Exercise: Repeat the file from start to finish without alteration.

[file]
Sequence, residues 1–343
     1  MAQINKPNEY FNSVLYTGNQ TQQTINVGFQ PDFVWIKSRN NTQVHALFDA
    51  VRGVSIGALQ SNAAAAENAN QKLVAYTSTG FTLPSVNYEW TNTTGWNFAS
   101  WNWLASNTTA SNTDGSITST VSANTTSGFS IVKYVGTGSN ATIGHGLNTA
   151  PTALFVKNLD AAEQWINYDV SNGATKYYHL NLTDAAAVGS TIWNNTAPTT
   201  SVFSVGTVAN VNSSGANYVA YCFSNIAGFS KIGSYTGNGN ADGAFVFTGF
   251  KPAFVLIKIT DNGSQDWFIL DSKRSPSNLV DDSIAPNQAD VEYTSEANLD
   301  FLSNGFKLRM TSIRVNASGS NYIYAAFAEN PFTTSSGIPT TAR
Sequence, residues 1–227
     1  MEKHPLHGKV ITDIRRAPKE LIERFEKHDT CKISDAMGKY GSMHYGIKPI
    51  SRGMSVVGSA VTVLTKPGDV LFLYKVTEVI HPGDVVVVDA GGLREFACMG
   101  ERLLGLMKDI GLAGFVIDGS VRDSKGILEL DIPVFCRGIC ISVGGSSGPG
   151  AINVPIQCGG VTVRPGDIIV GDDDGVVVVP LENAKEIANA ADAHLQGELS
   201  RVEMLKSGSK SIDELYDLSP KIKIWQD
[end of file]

Sequence, residues 1–343
     1  MAQINKPNEY FNSVLYTGNQ TQQTINVGFQ PDFVWIKSRN NTQVHALFDA
    51  VRGVSIGALQ SNAAAAENAN QKLVAYTSTG FTLPSVNYEW TNTTGWNFAS
   101  WNWLASNTTA SNTDGSITST VSANTTSGFS IVKYVGTGSN ATIGHGLNTA
   151  PTALFVKNLD AAEQWINYDV SNGATKYYHL NLTDAAAVGS TIWNNTAPTT
   201  SVFSVGTVAN VNSSGANYVA YCFSNIAGFS KIGSYTGNGN ADGAFVFTGF
   251  KPAFVLIKIT DNGSQDWFIL DSKRSPSNLV DDSIAPNQAD VEYTSEANLD
   301  FLSNGFKLRM TSIRVNASGS NYIYAAFAEN PFTTSSGIPT TAR
Sequence, residues 1–227
     1  MEKHPLHGKV ITDIRRAPKE LIERFEKHDT CKISDAMGKY GSMHYGIKPI
    51  SRGMSVVGSA VTVLTKPGDV LFLYKVTEVI HPGDVVVVDA GGLREFACMG
   101  ERLLGLMKDI GLAGFVIDGS VRDSKGILEL DIPVFCRGIC ISVGGSSGPG
   151  AINVPIQCGG VTVRPGDIIV GDDDGVVVVP LENAKEIANA ADAHLQGELS
   201  RVEMLKSGSK SIDELYDLSP KIKIWQD